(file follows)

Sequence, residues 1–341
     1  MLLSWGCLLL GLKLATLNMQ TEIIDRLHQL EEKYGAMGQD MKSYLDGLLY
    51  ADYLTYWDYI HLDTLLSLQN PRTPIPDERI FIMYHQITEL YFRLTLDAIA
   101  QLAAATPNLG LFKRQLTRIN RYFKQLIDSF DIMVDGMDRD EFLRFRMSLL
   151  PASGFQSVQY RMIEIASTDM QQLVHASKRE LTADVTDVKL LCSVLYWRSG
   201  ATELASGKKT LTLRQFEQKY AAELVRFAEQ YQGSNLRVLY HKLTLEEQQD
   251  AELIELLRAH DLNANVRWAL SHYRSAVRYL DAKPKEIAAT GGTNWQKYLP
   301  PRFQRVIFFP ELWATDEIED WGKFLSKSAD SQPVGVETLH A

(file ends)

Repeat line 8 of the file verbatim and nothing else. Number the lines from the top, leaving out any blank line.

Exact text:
   301  PRFQRVIFFP ELWATDEIED WGKFLSKSAD SQPVGVETLH A